The patient’s past history and the family history are similarly viewed against the background of a theoretical average family and personal history and outstanding features or events are noted. Then, if psychosomatic prescribing fails to produce satisfactory results, the past history may lead to an appropriate remedy for that individual, or it may be advisable to prescribe on the family or individual history when there are no clear symptomatic indications for any one remedy right from the beginning. Foubister was of the opinion that while “as a rule constitutional treatment can deal with the after-effects of drugs once the drug has been excreted” there are many circumstances where the administration of unproved potentized medicines is justified when selected on the basis of events found in the patient’s history.
Observations on the Homoeopathic Materia Medica
Homoeopathic Materia Medica consists of the records of the symptoms being observed during proving or in clinic. There is often lacking of the associated information that lead to the development of such condition. Thus history of development of symptoms remains hidden as such information often gets misused during prescription.   There are no records of any unsuccessful proving , which suggests that all, or nearly all, substances on earth are capable of affecting man in the potentized if not in the crude state; which means that there are several thousand potential homoeopathic remedies as yet untouched. Even if the almost insuperable difficulties of proving and clinically testing were overcome, the addition of so many new medicines would tend to offset any gains by making the already unwieldy and complex material medical so large that it would be virtually impossible for anyone to become familiar with it and the difficulties of remedy selection would be even greater than they are at present.
The only way that appreciable progress can be made through provings is to be able to predetermine the potential value of the substance to b proved. However difficult the problem, much more thought must be given to it. Most recent provings have been almost entirely wasted because there is little incentive to carry out an intensive clinical trial of a remedy which might in the end turn out to be of very little value, although the provings themselves have been carried out scientifically and with the utmost are. Clinical testing is necessary to provide the more important part of the drug picture.   In the meantime, obviously the best possible use should be made of the valuable materia medica available, and careful attention to past history is one way by which this can be achieved. Also, in view of the limitations of the proved and tested materia medica, there should be no hesitation in prescribing unproved remedies such as the nosodes of acute disease as occasion demands.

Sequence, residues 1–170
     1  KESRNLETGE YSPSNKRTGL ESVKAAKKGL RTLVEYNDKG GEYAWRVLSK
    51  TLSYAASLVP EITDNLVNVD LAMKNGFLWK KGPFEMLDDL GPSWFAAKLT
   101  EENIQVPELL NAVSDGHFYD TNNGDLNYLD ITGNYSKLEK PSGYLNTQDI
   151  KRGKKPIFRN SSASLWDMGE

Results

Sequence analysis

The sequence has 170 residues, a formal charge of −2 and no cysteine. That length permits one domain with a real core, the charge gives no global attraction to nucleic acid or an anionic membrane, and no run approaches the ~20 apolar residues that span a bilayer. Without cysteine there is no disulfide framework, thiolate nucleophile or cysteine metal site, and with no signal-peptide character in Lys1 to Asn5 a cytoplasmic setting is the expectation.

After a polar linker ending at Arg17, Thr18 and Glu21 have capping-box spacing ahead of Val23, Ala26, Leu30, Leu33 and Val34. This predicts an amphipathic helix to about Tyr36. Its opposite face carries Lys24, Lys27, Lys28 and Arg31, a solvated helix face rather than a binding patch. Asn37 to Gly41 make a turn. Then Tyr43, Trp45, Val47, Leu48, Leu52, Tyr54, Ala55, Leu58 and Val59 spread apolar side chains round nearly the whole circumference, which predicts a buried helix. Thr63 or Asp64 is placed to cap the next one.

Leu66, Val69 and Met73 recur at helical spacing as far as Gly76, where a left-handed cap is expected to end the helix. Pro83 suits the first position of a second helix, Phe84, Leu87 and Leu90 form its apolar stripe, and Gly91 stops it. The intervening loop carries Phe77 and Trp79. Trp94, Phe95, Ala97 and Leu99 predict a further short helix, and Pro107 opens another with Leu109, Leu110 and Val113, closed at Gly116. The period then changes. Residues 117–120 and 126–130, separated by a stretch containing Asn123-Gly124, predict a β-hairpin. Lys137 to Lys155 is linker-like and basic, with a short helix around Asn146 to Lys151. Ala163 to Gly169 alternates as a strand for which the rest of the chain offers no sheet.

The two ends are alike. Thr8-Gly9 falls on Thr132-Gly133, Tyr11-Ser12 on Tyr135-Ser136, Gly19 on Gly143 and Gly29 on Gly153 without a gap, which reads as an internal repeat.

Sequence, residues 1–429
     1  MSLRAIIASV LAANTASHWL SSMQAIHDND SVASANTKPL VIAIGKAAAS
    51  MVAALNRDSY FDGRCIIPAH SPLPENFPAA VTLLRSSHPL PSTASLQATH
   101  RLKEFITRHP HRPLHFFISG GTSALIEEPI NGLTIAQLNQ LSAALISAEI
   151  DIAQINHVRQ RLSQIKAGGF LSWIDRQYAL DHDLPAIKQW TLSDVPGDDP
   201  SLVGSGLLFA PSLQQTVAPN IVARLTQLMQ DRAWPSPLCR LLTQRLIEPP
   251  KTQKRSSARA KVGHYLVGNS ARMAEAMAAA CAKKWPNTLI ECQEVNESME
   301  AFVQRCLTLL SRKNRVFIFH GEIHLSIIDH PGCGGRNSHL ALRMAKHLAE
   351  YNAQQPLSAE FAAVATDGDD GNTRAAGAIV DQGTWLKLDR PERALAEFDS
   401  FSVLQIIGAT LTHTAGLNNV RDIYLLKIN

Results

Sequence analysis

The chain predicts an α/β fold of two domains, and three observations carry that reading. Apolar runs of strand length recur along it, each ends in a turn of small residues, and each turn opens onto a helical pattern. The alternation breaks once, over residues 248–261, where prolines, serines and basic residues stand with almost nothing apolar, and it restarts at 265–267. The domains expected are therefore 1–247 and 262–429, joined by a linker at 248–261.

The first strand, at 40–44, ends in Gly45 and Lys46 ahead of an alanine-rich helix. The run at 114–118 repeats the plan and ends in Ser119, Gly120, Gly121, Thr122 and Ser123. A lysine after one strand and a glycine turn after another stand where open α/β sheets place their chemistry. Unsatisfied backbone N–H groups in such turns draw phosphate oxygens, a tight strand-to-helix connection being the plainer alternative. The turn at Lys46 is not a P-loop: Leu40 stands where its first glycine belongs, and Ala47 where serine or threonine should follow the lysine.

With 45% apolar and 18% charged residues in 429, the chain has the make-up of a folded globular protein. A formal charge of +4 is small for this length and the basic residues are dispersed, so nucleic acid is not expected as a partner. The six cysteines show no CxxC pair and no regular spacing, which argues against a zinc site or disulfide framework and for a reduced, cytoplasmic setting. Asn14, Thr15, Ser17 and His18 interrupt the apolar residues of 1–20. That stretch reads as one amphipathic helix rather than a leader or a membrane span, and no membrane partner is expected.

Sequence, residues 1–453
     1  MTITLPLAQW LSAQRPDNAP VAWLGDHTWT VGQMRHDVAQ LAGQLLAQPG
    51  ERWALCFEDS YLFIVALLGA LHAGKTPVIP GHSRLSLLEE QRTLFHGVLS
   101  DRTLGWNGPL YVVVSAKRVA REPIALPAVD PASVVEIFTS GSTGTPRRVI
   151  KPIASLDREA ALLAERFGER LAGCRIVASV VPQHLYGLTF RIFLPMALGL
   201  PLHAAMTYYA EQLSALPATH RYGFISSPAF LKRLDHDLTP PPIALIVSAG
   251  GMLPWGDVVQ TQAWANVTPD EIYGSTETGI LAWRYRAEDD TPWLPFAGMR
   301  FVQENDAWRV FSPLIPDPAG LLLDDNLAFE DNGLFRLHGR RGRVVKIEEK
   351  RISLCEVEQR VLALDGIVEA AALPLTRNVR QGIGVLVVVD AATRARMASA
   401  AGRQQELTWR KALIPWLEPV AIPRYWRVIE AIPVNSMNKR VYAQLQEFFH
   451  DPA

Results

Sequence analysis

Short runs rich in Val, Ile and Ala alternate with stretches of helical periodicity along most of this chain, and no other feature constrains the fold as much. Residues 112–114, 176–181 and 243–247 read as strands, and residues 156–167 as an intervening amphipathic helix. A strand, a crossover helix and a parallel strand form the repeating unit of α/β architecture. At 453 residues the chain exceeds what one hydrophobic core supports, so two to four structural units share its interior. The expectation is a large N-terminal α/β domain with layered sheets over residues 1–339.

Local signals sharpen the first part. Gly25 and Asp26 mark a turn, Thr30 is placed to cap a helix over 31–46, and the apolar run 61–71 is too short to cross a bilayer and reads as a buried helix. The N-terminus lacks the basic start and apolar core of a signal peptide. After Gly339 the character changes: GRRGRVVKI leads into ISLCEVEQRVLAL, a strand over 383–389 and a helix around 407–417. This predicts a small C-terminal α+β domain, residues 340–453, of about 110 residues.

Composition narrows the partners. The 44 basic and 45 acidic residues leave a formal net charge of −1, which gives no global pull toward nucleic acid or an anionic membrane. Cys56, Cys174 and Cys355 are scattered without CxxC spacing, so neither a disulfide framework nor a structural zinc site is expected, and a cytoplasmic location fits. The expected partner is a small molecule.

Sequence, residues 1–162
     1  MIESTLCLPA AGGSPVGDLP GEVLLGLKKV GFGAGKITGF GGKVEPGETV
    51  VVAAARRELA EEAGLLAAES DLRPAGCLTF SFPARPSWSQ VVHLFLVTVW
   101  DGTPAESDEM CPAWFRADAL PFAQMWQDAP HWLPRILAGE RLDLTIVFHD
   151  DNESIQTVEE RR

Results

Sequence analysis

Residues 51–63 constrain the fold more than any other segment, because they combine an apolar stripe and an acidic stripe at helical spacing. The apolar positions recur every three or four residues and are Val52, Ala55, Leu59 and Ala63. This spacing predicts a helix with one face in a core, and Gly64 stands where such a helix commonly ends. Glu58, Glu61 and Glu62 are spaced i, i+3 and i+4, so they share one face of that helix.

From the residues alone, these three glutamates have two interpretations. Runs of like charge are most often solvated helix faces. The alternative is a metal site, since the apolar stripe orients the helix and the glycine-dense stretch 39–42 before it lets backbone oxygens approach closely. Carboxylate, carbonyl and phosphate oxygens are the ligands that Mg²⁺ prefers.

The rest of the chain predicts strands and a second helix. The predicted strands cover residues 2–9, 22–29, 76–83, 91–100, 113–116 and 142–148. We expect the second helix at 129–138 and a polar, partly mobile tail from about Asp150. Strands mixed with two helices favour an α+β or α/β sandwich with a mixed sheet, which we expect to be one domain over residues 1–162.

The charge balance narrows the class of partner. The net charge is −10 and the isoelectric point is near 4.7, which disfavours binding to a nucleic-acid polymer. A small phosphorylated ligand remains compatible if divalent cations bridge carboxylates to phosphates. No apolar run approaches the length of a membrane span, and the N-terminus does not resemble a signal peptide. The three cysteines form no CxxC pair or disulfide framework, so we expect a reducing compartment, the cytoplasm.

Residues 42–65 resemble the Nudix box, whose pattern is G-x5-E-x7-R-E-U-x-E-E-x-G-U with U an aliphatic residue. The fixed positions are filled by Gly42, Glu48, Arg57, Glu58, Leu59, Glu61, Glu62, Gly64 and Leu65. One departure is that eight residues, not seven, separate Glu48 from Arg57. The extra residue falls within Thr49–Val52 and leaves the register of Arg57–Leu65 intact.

1. Not well since
  2. Chronic ill-health may follow a severe acute or chronic infection, injury, emotional upset or occasionally, after adverse effects of drugs. Apart from demonstrable pathological sequale the patients vitality – the general level of health – may be lowered, and it is often possible by constitutional prescribing to raise the patient’s vitality to the extent that functional disorders and diseases with reversible pathological changes may be cured. It is sometimes also possible to help in this way to some extent even in incurable conditions.
  3. Acute infection
  4. When a patient is slow in recovering from any acute infection certain remedies, such as Sulphur, Psorinum and Carbo veg., suggest themselves, but the prescription must be selected individually. In these circumstances or when prolonged ill-health follows, the nosodes of acute infections may be invaluable. Kent and others have rightly condemned the indiscriminate use of nosodes. The place of nosodes of acute infections is fairly clear. They should be considered:
  5. (a) in the absence of satisfactory indications for a proved remedy and